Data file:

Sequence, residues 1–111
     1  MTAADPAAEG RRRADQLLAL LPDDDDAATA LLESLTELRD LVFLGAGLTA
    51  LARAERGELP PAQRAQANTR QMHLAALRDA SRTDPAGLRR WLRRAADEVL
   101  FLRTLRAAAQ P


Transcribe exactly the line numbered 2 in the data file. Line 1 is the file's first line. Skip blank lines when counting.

     1  MTAADPAAEG RRRADQLLAL LPDDDDAATA LLESLTELRD LVFLGAGLTA